Here’s How To Safety View the New Eruption on Hawaiʻi Island
Due to COVID-19, visitors must wear masks and stay six feet apart.
As news spread of a new eruption at Kīlauea on Hawaiʻi Island, hundreds of visitors rushed over to Hawaiʻi Volcanoes National Park yesterday and today for a glimpse of the spectacular sight.
But park officials are stressing the importance of safety—both because of high amounts of hazardous sulfur dioxide gas and particulates and COVID-19.
The national park on Hawaiʻi Island is open 24 hours a day, which means visitors can witness the billowing plumes of gas and steam by day and the glowing lava in Halemaʻumaʻu crater at night. (I’ve done it before; it’s mesmerizing.) But there are hazards associated with a visit.
“The return of lava to the summit of Kīlauea is a natural wonder, but we need the public to be fully aware that we are in the middle of the COVID-19 pandemic and to recreate responsibly, maintain social distance and to wear a mask,” said Hawaiʻi Volcanoes National Park Superintendent Rhonda Loh. “We want to keep the park open for all to experience this new phase of volcanic activity, and we need visitors to follow safety guidelines that keep everyone safe. We continue to work with USGS scientists to receive the latest volcanic updates, and remind visitors that the eruptive activity and accessibility could change at any time.”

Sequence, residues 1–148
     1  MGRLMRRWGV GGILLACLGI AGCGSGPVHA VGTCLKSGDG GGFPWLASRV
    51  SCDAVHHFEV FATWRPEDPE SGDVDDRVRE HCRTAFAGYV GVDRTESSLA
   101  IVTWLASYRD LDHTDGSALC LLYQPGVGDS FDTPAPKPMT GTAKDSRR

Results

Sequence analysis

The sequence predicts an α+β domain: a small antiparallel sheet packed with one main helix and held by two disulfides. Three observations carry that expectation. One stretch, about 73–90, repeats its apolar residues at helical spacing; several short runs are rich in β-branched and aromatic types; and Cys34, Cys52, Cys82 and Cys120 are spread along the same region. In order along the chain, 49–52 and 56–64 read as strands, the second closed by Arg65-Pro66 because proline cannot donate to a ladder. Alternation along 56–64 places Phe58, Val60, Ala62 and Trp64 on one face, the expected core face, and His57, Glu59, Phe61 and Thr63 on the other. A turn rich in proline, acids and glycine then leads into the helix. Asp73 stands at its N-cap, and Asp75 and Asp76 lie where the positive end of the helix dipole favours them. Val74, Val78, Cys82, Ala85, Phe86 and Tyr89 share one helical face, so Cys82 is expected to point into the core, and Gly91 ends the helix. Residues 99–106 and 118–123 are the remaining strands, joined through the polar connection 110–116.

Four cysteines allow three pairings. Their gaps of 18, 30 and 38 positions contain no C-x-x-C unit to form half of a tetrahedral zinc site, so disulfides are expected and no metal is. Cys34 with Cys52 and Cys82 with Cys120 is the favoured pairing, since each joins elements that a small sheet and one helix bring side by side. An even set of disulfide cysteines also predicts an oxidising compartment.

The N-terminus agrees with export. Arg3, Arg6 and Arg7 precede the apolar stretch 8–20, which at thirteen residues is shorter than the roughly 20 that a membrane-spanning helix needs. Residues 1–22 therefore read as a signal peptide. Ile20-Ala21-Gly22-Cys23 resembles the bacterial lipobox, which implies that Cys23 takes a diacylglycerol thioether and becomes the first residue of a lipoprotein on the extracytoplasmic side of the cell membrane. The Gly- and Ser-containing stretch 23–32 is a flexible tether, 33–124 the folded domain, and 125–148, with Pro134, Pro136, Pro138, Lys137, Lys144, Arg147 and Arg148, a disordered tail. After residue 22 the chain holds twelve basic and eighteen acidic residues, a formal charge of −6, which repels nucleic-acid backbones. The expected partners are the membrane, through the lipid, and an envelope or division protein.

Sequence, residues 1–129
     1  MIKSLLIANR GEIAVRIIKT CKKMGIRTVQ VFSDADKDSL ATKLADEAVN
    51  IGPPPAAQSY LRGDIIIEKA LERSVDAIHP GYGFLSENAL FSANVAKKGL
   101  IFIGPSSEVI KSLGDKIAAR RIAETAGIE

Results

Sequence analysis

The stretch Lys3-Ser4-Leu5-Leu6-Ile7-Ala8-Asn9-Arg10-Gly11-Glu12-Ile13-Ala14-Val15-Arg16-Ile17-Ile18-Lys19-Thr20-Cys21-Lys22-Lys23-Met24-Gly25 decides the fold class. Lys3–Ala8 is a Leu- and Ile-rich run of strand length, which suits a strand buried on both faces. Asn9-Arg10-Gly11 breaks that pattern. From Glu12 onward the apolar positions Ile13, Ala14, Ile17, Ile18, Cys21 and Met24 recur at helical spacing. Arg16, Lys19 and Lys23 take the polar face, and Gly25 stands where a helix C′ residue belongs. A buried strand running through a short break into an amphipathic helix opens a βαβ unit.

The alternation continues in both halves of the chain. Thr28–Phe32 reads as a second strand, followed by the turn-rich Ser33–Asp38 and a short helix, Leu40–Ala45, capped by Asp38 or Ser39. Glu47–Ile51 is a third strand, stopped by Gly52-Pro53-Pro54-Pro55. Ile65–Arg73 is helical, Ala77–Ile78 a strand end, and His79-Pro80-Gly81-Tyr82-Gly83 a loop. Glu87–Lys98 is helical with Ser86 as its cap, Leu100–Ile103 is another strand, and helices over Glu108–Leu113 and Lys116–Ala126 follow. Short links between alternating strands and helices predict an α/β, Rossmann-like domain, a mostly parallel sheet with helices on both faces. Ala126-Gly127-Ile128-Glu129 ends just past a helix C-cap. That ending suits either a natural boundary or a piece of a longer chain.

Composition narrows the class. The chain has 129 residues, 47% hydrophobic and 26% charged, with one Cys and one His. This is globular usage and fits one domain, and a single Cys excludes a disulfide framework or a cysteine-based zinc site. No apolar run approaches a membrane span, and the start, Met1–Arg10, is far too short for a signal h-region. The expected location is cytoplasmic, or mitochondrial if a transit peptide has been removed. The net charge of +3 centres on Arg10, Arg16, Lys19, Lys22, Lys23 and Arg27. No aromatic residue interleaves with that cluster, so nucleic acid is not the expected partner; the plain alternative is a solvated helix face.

If you plan to visit the park—it‘s the first time there’s lava on Hawaiʻi Island since the deadly 2018 Lower East Rift Zone eruption and summit collapse of Kīlauea that destroyed more than 700 homes—here are some tips from the national park:
- Volcanic eruptions can be hazardous and change at any time. Stay on marked trails and overlooks, and avoid earth cracks and cliff edges. Do not enter closed areas.
- Hazardous volcanic gases are billowing out the crater and present a danger to everyone, especially people with heart or respiratory problems, infants, young children and pregnant women. For more information on air quality, click here.
- Slow down and drive safely. Expect long waits for parking spaces at popular vantage points like Kīlauea Overlook.
- Maintain social distance of six feet from others and wear a mask to reduce the spread of COVID-19.
- At 4,000 feet (1,219 meters), the summit of Kīlauea can be chilly at any time. Bring a rain jacket, wear long pants and closed-toe shoes.
All the areas in the park that were open before the new eruption remains open. Suggested viewing areas include Wahinekapu (Steaming Bluff), Kīlauea Overlook, Keanakākoʻi, Waldron Ledge and other overlooks along Crater Rim Trail. Nāhuku (Thurston Lava Tube) remains closed due to COVID-19 concerns.
There’s around-the-clock law enforcement at the park, just FYI.